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Meet Olivia Bonilla

Today we’d like to introduce you to Olivia Bonilla.

Hi Olivia, thanks for joining us today. We’d love for you to start by introducing yourself.
I have been creative ever since I can remember.

In my younger years, we didn’t have much, but I believe this was part of what drove my creativity. Forced to think creatively to entertain and occupy the time, from picnics on the green shag rug to riding bikes around the trailer park and making friends with all the stray cats. The play was always part of growing up, but also a way to escape.

When I was younger, my mother always fostered my creativity, and as a professional artist today I really appreciate her for that. All the art classes and exposure to different materials have made their mark on the array of experimentation I partake in as an adult. I cared on to explore photography, sculpture, and drawing and obtain a bachelor’s degree in painting from Lyme academy college of fine arts.

It’s been 7 years since college and so much artistic growth has happened. I’ve stuck with my love for exploration and today have managed to combine years of experimentation into one artistic vision.

Would you say it’s been a smooth road, and if not what are some of the biggest challenges you’ve faced along the way?
Most defiantly NOT a smooth ride. I had years of juggling other jobs to manage a studio practice. I was persistent with the studio and refused to take full-time work for fear of losing studio time. To a fault, I always put my practice first and many sacrifices were made.

For example; back in December of 2019, I remember I had back-to-back shows. I was not only working in the studio every chance I had but had to take time off from a restaurant job that was paying the bills. The shows were a success, with back-to-back write-ups in the local press.

Unfortunately, the sales weren’t there and my sacrifice to put my Artwork first put me out of my day job. When you find yourself googling “Famous artists that were homeless” feel some sense of hope. Pretty sure that’s rock bottom. Took it as a sign and decided to make the move to a new city. Charleston SC has been good to me, I’ve been a full-time artist for the past three years, through the pandemic and all.

There’s defiantly truth in when you experience rock bottom, there’s a different kind of grit that encompasses your drive. I took risks with no fear of failing, I extended myself to every opportunity with the hope that if it’s not this one another one will rise.

I embraced a new community with open arms, all while creating and allowing my influences to take shape in my work. Believe in the work, be authentic in the work, and the work will take you places… I truly believed that.

Appreciate you sharing that. What else should we know about what you do?
I’m a Pop Art Sculptor, I work with casted cement and resin.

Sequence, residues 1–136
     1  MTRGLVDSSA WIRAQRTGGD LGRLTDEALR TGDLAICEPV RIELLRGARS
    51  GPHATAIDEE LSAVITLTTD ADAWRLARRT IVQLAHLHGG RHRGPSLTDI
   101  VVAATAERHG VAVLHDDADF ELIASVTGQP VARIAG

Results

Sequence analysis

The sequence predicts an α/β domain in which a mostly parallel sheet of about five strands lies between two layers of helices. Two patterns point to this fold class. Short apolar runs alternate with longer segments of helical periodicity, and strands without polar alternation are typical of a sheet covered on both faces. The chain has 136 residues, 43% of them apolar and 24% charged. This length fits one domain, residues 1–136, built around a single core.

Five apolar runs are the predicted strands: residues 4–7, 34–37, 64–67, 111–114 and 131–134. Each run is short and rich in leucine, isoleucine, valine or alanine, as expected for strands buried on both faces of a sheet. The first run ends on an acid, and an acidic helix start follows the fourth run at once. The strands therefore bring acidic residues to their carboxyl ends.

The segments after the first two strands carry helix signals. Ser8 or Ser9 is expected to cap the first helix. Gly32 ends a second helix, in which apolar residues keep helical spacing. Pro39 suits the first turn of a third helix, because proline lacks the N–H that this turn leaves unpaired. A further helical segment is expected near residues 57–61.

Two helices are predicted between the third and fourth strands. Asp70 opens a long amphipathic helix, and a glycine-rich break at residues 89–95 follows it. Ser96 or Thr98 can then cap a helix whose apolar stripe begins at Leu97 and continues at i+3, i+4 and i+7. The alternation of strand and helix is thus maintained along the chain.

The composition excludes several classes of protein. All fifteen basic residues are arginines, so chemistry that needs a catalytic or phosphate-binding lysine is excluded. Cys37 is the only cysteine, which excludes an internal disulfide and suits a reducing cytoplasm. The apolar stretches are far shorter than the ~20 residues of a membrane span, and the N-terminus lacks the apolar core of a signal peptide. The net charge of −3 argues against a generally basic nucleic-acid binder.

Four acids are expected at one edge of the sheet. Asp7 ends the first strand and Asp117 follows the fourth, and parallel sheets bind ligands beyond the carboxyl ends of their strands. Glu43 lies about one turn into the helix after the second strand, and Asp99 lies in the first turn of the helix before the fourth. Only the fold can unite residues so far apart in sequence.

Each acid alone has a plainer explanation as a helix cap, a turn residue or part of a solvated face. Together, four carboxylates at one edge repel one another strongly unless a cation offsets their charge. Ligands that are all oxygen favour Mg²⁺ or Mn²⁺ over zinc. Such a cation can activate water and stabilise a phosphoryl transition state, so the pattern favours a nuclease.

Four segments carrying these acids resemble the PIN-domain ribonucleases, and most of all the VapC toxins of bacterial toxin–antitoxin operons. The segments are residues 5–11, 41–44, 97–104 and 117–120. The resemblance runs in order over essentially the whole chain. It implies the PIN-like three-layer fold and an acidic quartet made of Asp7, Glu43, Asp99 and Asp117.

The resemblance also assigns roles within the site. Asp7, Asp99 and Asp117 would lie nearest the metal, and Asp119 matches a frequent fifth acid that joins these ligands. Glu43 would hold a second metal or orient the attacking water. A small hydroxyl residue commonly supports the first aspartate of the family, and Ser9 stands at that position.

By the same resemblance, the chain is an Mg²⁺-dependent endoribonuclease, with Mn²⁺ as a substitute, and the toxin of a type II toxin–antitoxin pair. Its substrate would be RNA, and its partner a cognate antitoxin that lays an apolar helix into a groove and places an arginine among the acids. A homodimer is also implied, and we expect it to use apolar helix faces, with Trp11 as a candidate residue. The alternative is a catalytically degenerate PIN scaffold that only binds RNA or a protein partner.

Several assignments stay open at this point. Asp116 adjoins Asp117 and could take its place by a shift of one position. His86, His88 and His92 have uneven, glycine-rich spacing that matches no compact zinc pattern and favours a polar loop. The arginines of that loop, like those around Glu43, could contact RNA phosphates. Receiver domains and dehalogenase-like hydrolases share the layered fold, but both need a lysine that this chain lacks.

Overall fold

I’m most known for my confectionary sculptures of never-ending ice-cream stacks, oversize gummy bears, and a toy gun series called “Cowboy Candy”. People know me for my 90s nostalgic references, and childhood memorabilia. All my castings are directly influenced by childhood pastimes; Hot Wheels, Legos, Gummy bears, Rubix cubes, etc.

I use unconventional materials to create a sugar-coated finish. I form cement in a way that gives the appearance of melted fluff. Coated with resin and an exploration of automotive finishes creates the sugar-coated look. As a sculptor with a painter’s background, color theory is a big part of my work.

A color world that takes you back to being a kid excited about your favorite flavor. The Infatuation with color combinations to feelings and the exploitation of color in popular culture are my influence.

Although there are moments of satire in my work, I love that my work can relate to all age groups. The communal ritual of sweets, the color of flavor, and pop association are all around us. I find it fulfilling to communicate my love for these things through materiality.

Is there something surprising that you feel even people who know you might not know about?
I’m a big fan of vintage cars and motorcycles. I have a 96’ Harley Sportster that my fiancée and I are building into a chopper and a 72” Ford F100 were working on. He is a very talented craftsman, the mechanic mastermind behind the build and I’m more or less designing paintwork and embellishments.

My fiancé and I enjoy the pastime of watching videos of professional automotive paint technicians. Memorized by the taping, templates, and gradient “Kandy” colors. The colors that are available are quite endless. I can appreciate the attention to detail and the technique involved. As a sculptor, it’s 80% technical and 20% creative, all about execution once the creative vision has been identified.

For example, the vision- Bubble Gum Pearlescent finish with matte cement cream and a transparent ruby red cherry drip. Execution- what intensity do I want the pearl? What shade of pink? how are my cement forms going to fall into composition? and how is the cherry drip going to pull it all together?

Contact Info:

Image Credits

Taylor Jarvis @palegirlphoto

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